September 26, 2019
This is my attempt at making a removable/reusable waterfall for our river tiles, part of our cavern tile system.
Usually these are made with actual water effects, or some kind of gloss gel medium, but I didn't want to spend the extra money so I decided to try out clear caulk.
This was right next to the caulk at the store, and I could actually see inside the tube to make sure it was clear, so I decided to take a chance and see how it did.
I squirted some strips onto a plastic sheet protector with the intent of peeling it off after it dried.
Then I spread it around with a gloved wet finger.
Once it was fairly dry, I tried to peel it off the plastic. It was at this point that I realized this stuff is definitely not caulk, and is specially made to bond to anything and everything. I could have learned this earlier by actually reading the tube, particularly the part that spells out "Sticks to Almost Anything".
Basically there was no getting it off that plastic without ruining it, so I just cut the plastic around it.
There's a few wrinkles on the back where some shrinking happened, but it still looks alright.
I didn't want to have the waterfall permanently built into the tiles, so I set up a little box-and-wax-paper rig for setting up the structure. I hoped the sealant wouldn't stick to the wax paper as much as the plastic. (Spoiler alert: it did.)
I squirted more sealant around the bottom of the waterfall, piling it up high in the middle.
Then at the top I added more sealant to make these kind of streamlines that will transition the river to the waterfall.
After everything was dry, I tried to peel it all away.
And it stuck to the wax paper nearly as badly as the plastic.
I got it off eventually, but all the stretching really deformed it and made it all foggy and white.
So I thought, Ok, I just need actual caulk and not super strong glue.
So I got some clear silicone caulk, and spread out another waterfall on wax paper.
As you can see this clear caulk is not clear.
It was a real shame, because it peeled off very easily.
I believe there is a DAP caulk that is actually crystal clear, but no one around me carried it and I didn't have time to order any. And at this point I might as well have just bought the more expensive water effects that are actually made for this.
So next I figured I was stuck with the clear sealant that was actually clear, and this time I was going to try it on plastic wrap, which is more crystally clear than a cheap sheet protector and should be a little more invisible after I cut the waterfall out.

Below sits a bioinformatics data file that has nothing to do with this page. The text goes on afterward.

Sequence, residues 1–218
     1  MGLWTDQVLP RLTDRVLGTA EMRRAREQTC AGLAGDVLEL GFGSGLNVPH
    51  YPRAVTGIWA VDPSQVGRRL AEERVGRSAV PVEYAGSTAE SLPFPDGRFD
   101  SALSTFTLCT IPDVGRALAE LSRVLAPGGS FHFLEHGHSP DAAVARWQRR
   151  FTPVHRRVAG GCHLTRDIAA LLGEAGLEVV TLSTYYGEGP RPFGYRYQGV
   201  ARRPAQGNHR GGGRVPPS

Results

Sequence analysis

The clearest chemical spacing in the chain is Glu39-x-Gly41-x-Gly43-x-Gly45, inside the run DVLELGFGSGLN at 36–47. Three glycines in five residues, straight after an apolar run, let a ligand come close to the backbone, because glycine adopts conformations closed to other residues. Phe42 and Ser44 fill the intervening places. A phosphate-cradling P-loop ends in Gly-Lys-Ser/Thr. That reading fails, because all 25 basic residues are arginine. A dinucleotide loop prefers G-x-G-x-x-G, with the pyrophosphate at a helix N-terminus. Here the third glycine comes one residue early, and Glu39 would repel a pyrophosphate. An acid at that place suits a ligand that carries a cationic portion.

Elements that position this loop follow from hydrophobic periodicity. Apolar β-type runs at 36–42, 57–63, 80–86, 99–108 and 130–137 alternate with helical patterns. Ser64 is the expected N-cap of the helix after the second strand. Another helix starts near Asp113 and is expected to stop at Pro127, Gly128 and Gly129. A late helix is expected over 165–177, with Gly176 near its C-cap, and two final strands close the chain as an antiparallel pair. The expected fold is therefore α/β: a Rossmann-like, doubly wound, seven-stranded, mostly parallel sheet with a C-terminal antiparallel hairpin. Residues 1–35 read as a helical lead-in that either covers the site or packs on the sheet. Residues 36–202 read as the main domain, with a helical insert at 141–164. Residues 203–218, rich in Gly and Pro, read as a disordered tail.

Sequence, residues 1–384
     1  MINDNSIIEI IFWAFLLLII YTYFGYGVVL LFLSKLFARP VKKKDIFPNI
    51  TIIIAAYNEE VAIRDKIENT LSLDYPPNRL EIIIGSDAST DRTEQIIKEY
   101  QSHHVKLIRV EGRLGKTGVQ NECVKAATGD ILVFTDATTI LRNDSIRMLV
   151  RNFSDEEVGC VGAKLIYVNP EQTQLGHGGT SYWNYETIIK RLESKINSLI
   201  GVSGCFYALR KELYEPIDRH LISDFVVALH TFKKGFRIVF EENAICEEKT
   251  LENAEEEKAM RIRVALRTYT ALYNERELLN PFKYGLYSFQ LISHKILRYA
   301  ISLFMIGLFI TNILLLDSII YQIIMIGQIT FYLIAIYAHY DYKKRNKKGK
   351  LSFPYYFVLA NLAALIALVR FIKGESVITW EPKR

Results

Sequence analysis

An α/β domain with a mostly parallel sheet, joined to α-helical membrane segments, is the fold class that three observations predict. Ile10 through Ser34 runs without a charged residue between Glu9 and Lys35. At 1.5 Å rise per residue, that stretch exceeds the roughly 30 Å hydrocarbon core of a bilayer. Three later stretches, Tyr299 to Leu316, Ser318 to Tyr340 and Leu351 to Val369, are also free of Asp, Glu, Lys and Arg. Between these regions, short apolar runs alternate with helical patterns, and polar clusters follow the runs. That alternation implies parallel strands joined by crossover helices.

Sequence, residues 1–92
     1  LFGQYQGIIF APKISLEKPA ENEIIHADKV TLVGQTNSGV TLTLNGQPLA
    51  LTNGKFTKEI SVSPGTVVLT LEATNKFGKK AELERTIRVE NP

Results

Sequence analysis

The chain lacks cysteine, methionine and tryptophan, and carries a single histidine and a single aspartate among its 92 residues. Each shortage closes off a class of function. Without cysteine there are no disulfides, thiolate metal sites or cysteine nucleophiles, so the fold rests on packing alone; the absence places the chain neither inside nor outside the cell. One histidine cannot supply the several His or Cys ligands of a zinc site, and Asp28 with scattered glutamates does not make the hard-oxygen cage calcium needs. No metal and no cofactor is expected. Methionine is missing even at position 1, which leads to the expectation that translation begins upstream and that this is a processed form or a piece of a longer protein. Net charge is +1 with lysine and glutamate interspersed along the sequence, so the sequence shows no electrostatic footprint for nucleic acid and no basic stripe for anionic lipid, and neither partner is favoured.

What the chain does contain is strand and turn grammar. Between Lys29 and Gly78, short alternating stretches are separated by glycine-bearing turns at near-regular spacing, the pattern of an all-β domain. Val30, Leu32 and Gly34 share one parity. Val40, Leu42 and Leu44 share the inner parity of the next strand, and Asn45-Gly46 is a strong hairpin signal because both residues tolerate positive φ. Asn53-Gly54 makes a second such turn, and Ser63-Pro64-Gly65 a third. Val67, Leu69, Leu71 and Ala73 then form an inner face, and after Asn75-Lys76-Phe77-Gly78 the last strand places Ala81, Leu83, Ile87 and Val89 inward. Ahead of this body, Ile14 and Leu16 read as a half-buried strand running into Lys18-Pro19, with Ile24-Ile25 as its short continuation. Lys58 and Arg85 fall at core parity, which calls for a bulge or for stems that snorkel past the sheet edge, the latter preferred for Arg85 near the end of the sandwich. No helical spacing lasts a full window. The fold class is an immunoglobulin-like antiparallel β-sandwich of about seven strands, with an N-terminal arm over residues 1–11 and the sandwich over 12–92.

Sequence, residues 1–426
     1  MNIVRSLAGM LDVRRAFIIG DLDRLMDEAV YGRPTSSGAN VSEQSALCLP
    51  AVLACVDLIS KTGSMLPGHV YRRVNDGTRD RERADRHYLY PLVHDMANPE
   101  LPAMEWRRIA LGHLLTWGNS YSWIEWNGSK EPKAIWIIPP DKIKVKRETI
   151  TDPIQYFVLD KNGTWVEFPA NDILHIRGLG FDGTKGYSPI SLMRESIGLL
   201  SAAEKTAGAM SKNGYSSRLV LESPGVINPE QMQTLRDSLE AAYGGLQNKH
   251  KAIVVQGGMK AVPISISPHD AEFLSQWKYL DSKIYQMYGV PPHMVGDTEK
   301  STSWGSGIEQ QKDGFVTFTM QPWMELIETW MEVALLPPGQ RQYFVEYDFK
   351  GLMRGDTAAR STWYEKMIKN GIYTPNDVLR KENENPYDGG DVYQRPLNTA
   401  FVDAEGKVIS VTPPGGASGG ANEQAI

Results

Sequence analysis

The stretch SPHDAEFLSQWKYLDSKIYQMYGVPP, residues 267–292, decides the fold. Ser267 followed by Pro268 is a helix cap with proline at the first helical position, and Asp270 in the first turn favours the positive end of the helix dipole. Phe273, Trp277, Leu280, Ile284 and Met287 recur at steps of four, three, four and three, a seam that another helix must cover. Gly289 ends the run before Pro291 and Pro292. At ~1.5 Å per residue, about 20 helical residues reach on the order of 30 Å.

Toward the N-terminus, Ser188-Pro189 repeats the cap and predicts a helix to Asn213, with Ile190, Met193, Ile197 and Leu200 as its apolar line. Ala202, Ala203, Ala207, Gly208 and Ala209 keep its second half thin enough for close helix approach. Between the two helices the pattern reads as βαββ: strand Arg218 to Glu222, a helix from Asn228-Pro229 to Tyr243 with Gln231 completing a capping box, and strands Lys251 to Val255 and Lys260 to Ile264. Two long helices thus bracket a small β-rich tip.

I thought maybe if I made sure the plastic wasn't able to shift at all during the drying time, it would eliminate the shrinkage wrinkles. So I tried another silly rig, pulling the plastic wrap taut and pinning it down onto a piece of cardboard to keep it perfectly smooth.
Honestly I don't know why I thought this would work. After I unpinned everything the thing was such a shriveled disaster that I threw it away immediately before remembering to take a picture of it.
So I went back yet again and used a piece of plastic wrap just sitting loose on the table like I did in the beginning.
Still some wrinkles, but I think I can live with these.
The very first waterfall was actually pretty okay, but the top and bottom were kind of ruined so I'm sticking with this plastic wrap one.
Unfortunately I don't have pictures of the rest of the process for this last one, because it was the day of our game night and I had barely enough time to finish it. I used the same box rig as in the beginning, only with plastic wrap instead of wax paper.
I did the top and bottom of the waterfall just the same way that I did the very first time, and then cut out the plastic around it after it dried. Then I took a little bit of white paint, slightly watered down, and painted some of the raised edges of the water near the top and around the bottom, to make it look more frothing. This is something I'll need some practice with, it came out a little messy looking.
I used a little piece of scotch tape on the underside of the top of the waterfall to stick it to the river, but other than that it's unattached.
Real water effects probably would have turned out much better and not been such a headache of a process, but this worked out alright and really added a nice touch to our water tiles.